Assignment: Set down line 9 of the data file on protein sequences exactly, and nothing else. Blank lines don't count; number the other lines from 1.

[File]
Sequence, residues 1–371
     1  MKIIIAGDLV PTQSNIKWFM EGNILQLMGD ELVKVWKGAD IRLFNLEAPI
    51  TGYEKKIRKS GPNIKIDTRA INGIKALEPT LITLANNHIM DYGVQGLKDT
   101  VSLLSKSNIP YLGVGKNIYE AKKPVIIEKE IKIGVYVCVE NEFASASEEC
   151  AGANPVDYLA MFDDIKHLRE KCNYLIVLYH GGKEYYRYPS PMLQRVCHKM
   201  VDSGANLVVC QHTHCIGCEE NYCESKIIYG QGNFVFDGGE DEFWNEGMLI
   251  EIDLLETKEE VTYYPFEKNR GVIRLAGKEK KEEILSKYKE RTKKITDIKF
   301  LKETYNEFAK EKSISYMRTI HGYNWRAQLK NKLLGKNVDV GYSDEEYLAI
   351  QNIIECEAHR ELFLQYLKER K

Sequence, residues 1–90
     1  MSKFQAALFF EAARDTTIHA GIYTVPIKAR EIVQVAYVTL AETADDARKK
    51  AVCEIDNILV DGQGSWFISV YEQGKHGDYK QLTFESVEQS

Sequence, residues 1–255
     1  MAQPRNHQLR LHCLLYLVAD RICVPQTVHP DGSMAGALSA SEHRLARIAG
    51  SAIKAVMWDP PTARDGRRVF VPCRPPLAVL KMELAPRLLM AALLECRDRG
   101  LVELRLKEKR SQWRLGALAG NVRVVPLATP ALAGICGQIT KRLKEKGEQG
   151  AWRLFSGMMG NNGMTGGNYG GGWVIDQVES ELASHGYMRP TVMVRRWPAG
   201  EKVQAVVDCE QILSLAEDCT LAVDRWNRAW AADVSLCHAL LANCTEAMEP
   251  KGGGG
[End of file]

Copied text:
   351  QNIIECEAHR ELFLQYLKER K